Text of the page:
Like many men ( and some women too I guess ) Tony is very interested in World War II and of course when we visit England we realise just how close it was to the fighting.
Being a former commercial pilot he is passionately interested in the RAF and on our last visit we spent a whole day at Duxford Air Field Museum near Cambridge.
On this visit we had booked, via email, a tour of the Battle of Britain Bunker at Uxbridge.
It was from this bunker, 60 foot below ground level, that all air operations were controlled during WWII.
The RAF base was officially closed on March 31, 2010 so it proved quite a difficult task to find the bunker on the almost deserted base but we Aussies are made of stern stuff and we persevered till we finally found the right place - and only one whole hour late for the fore mentioned tour!!
There is no marking on the gate to indicate that this is the right place- indeed that it was ever an RAF base and you have to walk quite a way in before you begin to see signs that you have found the right place.
The bunker has been preserved as a museum and is more or less exactly as it was at the end of WWII and is manned by volunteers who conduct the guided tours.
We gave our profuse apologies explaining that our directions and contact phone numbers were completely wrong. ( Apparently something to do with the closing of the base )
Two friendly volunteers, Chris ( who is responsible for setting up the whole museum ) and John ( a trainee guide ), both ex-servicemen were there to guide us and the tour was only us, so we were given the royal treatment.
The bunker is, of course, very inconspicuous.
You quickly descend the 60 foot by way of stairs - lots of them!
They lead directly into the Operations Room.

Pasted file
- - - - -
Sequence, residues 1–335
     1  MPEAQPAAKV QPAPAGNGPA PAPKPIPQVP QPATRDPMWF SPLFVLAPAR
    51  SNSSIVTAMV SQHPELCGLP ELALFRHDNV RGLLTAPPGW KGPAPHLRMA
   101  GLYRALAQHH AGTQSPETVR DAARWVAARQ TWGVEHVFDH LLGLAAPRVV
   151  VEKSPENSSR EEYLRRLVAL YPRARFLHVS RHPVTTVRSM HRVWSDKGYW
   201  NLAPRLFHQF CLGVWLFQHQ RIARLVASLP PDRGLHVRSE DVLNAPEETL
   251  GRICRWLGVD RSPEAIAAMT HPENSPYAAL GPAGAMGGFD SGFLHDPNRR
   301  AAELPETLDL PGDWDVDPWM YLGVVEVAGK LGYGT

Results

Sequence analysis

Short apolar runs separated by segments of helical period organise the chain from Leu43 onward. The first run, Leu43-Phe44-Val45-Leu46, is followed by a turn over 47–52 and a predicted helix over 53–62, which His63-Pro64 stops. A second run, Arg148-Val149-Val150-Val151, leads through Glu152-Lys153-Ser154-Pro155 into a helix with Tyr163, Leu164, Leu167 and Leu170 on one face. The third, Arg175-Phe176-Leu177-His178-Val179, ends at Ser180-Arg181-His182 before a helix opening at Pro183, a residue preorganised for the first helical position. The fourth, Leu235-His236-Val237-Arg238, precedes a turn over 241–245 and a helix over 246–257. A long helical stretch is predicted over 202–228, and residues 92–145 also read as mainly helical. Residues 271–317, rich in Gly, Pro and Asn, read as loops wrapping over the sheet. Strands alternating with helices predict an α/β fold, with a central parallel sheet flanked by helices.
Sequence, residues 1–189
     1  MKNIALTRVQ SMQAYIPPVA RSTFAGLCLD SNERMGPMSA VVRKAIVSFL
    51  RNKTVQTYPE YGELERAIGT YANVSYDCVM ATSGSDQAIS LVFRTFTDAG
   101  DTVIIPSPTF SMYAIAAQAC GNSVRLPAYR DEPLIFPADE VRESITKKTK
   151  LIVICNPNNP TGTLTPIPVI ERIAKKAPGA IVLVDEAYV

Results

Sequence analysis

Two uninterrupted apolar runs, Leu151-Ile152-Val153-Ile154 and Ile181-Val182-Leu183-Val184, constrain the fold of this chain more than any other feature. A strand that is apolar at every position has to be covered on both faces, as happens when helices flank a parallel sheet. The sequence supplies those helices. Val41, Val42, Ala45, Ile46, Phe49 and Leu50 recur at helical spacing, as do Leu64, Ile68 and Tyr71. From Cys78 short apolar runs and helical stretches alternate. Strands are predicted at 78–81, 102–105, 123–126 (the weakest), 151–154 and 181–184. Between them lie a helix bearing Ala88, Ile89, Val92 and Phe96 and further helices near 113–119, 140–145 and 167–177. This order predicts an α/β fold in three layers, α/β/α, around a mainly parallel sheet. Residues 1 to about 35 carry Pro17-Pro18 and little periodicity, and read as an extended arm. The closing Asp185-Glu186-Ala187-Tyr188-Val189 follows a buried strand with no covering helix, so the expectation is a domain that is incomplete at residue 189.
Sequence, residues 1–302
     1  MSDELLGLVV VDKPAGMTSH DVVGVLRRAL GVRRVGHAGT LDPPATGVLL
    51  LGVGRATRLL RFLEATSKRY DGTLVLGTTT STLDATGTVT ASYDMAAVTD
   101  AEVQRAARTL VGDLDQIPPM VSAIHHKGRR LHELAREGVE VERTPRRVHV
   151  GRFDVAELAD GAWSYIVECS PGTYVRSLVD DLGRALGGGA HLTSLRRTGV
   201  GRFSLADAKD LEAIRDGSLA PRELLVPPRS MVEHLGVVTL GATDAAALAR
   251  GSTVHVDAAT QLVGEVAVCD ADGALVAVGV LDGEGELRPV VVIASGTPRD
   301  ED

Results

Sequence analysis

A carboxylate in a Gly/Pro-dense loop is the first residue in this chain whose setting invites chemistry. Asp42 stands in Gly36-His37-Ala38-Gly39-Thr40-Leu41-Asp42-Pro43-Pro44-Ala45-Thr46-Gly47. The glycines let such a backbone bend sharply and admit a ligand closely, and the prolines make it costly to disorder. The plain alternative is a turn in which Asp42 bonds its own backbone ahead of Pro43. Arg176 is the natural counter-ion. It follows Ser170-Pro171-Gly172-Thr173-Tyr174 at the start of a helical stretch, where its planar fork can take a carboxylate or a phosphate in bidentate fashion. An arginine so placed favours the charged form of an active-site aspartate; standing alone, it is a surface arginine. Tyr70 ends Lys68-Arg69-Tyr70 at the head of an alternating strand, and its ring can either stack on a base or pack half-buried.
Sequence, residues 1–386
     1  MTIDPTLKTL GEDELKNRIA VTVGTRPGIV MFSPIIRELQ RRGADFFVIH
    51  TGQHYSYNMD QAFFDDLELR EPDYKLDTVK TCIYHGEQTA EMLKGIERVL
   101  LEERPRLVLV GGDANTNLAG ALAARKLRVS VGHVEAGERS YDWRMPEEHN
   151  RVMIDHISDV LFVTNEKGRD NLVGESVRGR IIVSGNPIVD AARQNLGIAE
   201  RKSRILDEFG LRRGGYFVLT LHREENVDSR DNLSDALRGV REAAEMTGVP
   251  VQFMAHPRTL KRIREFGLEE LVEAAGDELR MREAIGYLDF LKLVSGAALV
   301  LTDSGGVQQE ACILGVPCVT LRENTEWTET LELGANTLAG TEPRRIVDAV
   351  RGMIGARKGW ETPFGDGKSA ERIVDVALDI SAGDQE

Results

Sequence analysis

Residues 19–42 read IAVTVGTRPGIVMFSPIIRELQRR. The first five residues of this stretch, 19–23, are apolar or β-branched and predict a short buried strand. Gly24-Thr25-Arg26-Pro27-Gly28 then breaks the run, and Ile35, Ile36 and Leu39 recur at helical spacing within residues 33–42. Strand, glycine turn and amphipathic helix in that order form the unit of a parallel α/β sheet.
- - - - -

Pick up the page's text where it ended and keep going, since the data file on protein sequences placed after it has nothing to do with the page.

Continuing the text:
It was from this room that all operations in what was to be called "The Battle of Britain" were directed as well as all air cover for the evacuation of Dunkirk.
The Ops Room is virtually as it was at the end of the war with uniformed manikins in place to demonstrate how it worked.
It was affectionately known as "The Hole" by the personnel, mainly women, who worked there.
Twenty WAAFs worked around the table in pairs. Each pair comprised a Plotter and a Teller.
The Plotter made up the blocks and pushed them onto the table, whilst the Teller spoke via a headset directly to the Observer Corps of Fighter Command HQ at RAF Bentley Priory, Stanmore.
The map and markers to show the position of each squadron are all still in place and the large map is angled so that it could be easily viewed from the observation decks on a higher level.
The boards at the rear indicate all the squadrons and their status was shown by a sequence of lights progressing down the board.
The plotting room is overlooked by three glass fronted cabins. The duty controller and Ops A personnel sat in the centre cabin.
One corner cabin was occupied by Observer Corps personnel, balloon officers and the other by Army (Anti-aircraft and searchlights) and Royal Navy personnel.
The Battle of Britain Museum is housed in the Controllers' Room, Observer Corps Room, Anti Aircraft Room and Map Rooms.
This is not a tourist attraction and there is no charge for the tour.
It is maintained as a memorial to all those brave members of the air crews who defended Britain against terrible odds at great personal cost.
"Never in the field of human conflict was so much owed by so many to so few."
A memorable experience for both of us.
Visits must be booked in advance either
by telephone - 01895 815400 from UK (+441895 815400 from overseas )
or email - email@example.com